Congressional Briefing on Marriage Equality

The summer of 2011 has seen historic moments in the path towards full marriage equality in America. On June 24, 2011, New York became the most populous state in the nation to pass legislation allowing the marriage between same-sex couples. The federal level also saw action and began to recognize the importance of repealing the Defense of Marriage Act (DOMA)  by introducing of the Respect of Marriage Act, with the first Senate Hearing on the repeal occurring on July 20, 2011. The Education Fund recognized the importance in continuing this momentum at our July 26, 2011 Congressional Briefing on Marriage Equality, one of our monthly series of Congressional briefings.

Our speakers not only discussed the burdens DOMA imposes on legally married same sex couples, but also the challenges and successes behind passing historical legislation in state legislators. Assemblymember Daniel J. O’Donnell from New York’s 69th District provided a hopeful message to our panel and audience in a short video presentation. Assemblymember O’Donnell discussed his successful campaign to pass the marriage equality legislation in his home state and the challenges he faced in securing its passage. Starting his mission in 2007, Assemblymember O’Donnell’s determination and dedication never wavered and came to fruition in the summer of 2011 when Governor Cuomo signed the legislation to allow same-sex couples the right to marry in New York.

Assemblymember O’Donnell’s presentation set the tone of hope and perseverance for the panelists and audience members, which included progressive activists and Congressional Staffers who joined together in Rayburn House Office Building.

Sharing her own experiences in the difficulties of passing such historic legislation, Delegate Anne R. Kaiser of Maryland’s 14th District discussed the challenges facing Maryland’s path towards equality. Delegate Kaiser, a strong proponent of marriage equality, spoke of Maryland’s recent attempts at passing their own legislation. While the bill passed in the Senate, the House was left with little time and opportunity to organize votes and secure coalitions. Taking the lessons learned from the missed opportunity, Delegate Kaiser spoke of her optimism in passing a bill in the next year, due in part to Maryland’s Governor Martin O’Malley’s now open support of the issue.

Jo Deutsch, the Federal Director of Freedom to Marry, works with her organization to end discrimination in marriage in US.  Ms. Deutsch outlined Freedom to Marry’s “Roadmap for victory,” a three step process needed to end the discrimination of same-sex couples. These steps include securing more states, like in Maine and Oregon, to pass marriage equality bills, increasing the number of supporters of same-sex marriage, and repealing DOMA. Ms. Deutsch noted that none of the successes in the states will matter unless DOMA is overturned.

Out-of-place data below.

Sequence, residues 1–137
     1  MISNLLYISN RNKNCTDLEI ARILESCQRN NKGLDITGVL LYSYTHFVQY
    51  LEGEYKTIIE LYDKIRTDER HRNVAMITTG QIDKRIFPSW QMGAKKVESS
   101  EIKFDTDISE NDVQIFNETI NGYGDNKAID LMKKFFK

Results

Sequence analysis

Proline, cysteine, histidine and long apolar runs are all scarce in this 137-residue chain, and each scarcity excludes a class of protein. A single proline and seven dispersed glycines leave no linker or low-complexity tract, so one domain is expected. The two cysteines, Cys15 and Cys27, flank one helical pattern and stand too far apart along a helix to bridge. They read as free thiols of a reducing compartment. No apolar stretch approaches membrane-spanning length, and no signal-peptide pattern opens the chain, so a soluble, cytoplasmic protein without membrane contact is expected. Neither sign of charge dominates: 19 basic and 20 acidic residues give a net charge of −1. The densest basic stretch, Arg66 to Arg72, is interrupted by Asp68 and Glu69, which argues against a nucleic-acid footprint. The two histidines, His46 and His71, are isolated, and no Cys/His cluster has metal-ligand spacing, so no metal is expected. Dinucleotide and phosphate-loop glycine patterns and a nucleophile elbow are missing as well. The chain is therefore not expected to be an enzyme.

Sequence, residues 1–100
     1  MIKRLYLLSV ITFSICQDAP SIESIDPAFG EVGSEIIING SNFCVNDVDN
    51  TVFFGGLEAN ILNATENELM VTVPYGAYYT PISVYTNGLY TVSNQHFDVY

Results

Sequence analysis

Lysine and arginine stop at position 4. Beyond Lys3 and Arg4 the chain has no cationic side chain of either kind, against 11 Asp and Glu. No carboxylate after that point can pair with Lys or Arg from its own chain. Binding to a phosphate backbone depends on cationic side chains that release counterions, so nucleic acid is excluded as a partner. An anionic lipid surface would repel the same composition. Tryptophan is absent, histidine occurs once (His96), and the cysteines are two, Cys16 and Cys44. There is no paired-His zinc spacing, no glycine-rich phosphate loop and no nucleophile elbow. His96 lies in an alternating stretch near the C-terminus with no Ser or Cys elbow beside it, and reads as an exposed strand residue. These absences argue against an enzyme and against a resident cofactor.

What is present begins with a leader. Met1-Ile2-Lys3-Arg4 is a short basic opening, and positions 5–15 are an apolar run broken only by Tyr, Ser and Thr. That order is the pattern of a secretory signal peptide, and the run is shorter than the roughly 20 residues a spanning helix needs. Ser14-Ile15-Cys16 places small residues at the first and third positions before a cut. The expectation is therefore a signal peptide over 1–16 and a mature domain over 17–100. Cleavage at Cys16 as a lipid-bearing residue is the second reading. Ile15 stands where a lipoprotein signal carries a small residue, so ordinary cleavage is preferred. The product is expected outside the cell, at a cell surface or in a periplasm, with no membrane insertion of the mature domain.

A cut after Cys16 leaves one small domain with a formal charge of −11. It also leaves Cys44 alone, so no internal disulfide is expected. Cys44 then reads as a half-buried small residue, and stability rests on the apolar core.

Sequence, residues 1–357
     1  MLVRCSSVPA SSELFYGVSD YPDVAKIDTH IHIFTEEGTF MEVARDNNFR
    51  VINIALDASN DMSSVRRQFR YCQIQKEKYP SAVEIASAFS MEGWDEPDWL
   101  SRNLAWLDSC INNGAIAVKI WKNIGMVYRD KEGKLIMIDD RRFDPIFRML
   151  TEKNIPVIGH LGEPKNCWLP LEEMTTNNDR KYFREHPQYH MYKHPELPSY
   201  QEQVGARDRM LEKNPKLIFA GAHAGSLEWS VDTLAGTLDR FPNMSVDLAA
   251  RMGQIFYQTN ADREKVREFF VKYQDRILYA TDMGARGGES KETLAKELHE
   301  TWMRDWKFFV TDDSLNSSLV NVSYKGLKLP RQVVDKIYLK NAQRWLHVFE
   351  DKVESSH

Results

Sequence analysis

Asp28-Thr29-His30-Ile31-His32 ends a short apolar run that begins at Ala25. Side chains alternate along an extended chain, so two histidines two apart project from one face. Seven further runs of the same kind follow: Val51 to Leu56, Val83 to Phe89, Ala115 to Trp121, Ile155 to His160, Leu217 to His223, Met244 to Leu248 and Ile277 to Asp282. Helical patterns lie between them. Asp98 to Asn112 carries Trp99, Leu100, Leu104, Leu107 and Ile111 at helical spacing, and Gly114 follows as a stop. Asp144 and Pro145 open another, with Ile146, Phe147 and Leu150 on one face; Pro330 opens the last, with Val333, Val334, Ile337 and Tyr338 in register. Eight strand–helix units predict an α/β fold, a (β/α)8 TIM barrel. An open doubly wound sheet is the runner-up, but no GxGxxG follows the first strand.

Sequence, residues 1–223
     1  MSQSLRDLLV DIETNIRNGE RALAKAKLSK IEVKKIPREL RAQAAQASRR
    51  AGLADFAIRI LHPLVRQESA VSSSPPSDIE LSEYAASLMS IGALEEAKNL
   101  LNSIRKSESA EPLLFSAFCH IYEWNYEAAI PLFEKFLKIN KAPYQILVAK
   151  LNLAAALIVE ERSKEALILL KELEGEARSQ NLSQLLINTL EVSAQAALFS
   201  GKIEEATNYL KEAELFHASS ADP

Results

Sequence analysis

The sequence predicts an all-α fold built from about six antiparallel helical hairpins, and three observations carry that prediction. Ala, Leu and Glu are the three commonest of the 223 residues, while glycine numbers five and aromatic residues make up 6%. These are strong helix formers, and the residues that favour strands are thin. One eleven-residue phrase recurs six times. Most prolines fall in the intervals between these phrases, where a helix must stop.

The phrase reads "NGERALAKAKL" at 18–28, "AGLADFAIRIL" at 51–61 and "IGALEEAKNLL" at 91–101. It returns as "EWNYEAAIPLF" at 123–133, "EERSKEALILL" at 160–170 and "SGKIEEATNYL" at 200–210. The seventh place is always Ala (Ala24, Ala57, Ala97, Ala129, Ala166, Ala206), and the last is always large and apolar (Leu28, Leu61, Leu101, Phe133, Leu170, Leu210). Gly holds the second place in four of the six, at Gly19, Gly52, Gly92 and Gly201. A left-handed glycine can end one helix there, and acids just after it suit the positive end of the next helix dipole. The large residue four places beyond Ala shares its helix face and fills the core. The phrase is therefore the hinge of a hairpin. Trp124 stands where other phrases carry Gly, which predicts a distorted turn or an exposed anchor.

Dean Nan D. Hunter, Associate Dean and Professor at Georgetown Law, focused on the legal impact of Section 3 of DOMA. This portion of DOMA bars the Federal Government from recognizing same-sex marriages performed legally by states. Approximately 138 laws at the Federal level are affected by DOMA. Dean Hunter highlighted some examples such as the Family Medical Leave Act, where same-sex couples cannot take employment leave for a sick partner, and the Social Security Survivor and Spousal Benefits, which are not recognized for same-sex couples. Dean Hunter ended with a hopeful message that DOMA has momentum in the circuit courts and may be repealed through the courts as early as next year.

Dr. Dennis W. Wiley, Pastor at Covenant Baptist United Church of Christ and advocate for marriage equality, closed the briefing reminding all the importance of recognizing acceptance and that same-sex marriage may, in fact, strengthen the family. Dr. Wiley firmly believes that “all humans are created equal in the image of God… [and that] same sex persons are entitled to the same rights and protections under the law.” Using powerful imagery and prose, Dr. Wiley delivered a special message for all people to join the fight for equal rights “so that we can all grow and move forward together” and end marriage discrimination.

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As always, the ADA Ed Fund is grateful to Congresswoman Lynn Woolsey and her staff for their assistance in reserving space and helping to coordinate these monthly briefings.  For more information on upcoming events, please visit our ADA Education Fund Facebook page.

 

 

 

ADA Education Fund Congressional Briefings: Marriage Equality: New York and Beyond from ADA & ADA Ed Fund on Vimeo

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ADA Education Fund

The ADA Education Fund is an independent, charitable entity that focuses on increasing public awareness through education and community organizing that builds capacity for change. The Ed Fund produces periodic policy briefs, hosts progressive speakers on a range of issues, sponsors advocacy and research fellowships, and works to expand civic participation through community organizing around economic and social justice issues.